Jig hooks are used for creating custom artificial baits. Most jig hooks have a 90º inward bend in the shank, close to the eye. A weight is melted to the shank at the bend and then the rest of the jig is built around it.
Contribute Last edited by Justin on 06/03/06


Drop Shot Hook

Drop shot hooks are great for rigging grub baits. Similar to Octopus, Circle & Kahle hooks.
Contribute Last edited by Justin on 06/03/06


Straight Shank Worm Hook

This is the classic plastic worm rigging, bass catching hook.
Contribute Last edited by Justin on 06/03/06


Circle Hook

Circle hooks come a regular straight and offset varieties. An offset circle hook has a point that is not in line with the shank, its kicked out to the side a bit. Circle hooks are known for lip-hooking and rarely will a fish get gut or gill hooked.
Contribute Last edited by Justin on 06/03/06


Cricket Hook


Contribute Last edited by Justin on 06/03/06


Minnow Hook


Contribute Last edited by Justin on 06/03/06


Bait Holder Hook

Bait holder hooks have barbs on the backside of the shank and an eye that is bent inward. This helps keep bait in place for better presentation.
Contribute Last edited by Justin on 06/03/06



Add New Content To This Page: Contribute
Search
Google

Members Sign-in
Name
Password
Remember Me
Forgot Your Password?

Not a Member?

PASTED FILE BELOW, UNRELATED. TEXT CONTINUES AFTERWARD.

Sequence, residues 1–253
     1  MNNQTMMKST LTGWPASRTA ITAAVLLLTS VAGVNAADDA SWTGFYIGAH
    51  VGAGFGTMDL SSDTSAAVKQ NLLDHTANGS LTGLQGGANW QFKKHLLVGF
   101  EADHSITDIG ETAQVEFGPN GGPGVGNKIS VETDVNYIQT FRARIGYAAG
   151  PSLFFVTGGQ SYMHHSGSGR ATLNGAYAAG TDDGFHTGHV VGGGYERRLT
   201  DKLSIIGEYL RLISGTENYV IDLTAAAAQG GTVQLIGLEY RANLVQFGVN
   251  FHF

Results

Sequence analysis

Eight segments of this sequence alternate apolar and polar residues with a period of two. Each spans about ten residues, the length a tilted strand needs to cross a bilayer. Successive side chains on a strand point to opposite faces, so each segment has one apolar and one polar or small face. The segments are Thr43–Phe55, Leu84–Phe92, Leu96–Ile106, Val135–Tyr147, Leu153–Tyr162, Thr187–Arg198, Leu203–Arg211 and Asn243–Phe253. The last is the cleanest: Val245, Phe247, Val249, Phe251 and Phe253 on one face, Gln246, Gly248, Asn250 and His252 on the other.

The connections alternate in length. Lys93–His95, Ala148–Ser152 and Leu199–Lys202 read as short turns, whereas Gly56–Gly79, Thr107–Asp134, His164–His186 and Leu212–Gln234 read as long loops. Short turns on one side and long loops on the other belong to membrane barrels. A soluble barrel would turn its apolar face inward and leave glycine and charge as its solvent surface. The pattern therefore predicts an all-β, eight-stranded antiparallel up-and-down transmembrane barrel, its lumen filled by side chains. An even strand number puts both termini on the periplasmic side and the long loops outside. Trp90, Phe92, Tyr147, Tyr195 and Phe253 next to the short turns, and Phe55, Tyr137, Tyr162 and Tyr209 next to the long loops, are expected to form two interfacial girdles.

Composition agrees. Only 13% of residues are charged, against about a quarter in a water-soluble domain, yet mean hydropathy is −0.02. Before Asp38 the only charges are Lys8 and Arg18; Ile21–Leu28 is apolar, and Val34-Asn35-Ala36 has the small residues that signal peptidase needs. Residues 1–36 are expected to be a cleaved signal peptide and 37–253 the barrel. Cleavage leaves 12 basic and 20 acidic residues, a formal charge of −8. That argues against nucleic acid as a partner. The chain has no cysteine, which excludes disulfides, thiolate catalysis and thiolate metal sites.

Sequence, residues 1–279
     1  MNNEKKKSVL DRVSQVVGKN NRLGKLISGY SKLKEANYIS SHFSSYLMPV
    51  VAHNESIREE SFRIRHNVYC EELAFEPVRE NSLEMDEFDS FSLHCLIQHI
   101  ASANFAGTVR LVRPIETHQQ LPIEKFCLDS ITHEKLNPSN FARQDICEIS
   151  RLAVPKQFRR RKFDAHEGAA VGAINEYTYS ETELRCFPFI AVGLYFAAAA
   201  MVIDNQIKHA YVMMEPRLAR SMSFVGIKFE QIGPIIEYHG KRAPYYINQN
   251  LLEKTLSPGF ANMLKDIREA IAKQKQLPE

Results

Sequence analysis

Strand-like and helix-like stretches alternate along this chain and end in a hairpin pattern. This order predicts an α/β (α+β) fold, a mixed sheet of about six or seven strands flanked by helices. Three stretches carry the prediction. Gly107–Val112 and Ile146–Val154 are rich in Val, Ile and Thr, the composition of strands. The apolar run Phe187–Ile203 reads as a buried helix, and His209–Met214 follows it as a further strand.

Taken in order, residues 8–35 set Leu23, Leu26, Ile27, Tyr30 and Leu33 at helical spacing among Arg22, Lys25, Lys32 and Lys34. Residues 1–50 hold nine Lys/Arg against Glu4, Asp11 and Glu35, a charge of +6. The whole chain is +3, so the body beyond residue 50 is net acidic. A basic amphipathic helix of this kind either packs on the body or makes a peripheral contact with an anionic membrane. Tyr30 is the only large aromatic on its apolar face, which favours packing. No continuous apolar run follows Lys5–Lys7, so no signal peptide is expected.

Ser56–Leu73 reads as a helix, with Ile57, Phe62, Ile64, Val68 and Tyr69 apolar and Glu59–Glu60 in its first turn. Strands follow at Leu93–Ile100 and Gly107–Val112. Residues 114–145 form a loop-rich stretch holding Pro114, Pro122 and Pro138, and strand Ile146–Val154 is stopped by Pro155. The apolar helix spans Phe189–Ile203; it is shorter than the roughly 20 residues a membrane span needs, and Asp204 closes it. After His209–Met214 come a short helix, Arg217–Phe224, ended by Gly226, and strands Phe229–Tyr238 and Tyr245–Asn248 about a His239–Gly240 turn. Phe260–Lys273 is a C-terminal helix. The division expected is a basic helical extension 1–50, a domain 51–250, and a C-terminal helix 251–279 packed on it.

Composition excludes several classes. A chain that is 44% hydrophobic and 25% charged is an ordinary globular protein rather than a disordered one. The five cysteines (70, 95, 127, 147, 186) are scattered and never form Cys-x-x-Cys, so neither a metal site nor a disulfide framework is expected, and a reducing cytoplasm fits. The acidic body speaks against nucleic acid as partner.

Member Benefits | Register

Recent Contributions

See Our Members!


RSS Feeds RSS Feeds





View Profile
Slick Charters
352-236-3955 or 352-817-7818
Visit Website
Slick Charters fishes the Gulf of Mexico with departures out of Yankeetown, and targets Largemouth Bass on the Lakes and Rivers of the Ocala National Forest.
Services:
Slick Charters offers both fresh and saltwater fishing. Our freshwater charters target Largemouth Bass


View Profile
Another keeper charters
941.830.2566
Visit Website
Charlotte Harbor, Gasparilla Sound, Lemon Bay, Estero Bay, Pine Island Sound, Boca Grande Pass, and the near-shore and offshore waters surrounding Gasparilla, Little Gasparilla, Captiva, Sanibel, and Pine islands are just some of the areas Captain Tom tar
Services:
Inshore and near-shore fishing charters, sightseeing adventures and shelling.


Something not making sense? Please  how we can make this site better.

This site, and any site, looks and works best with Firefox Get Firefox!

© 2017 Central Florida Fishing Report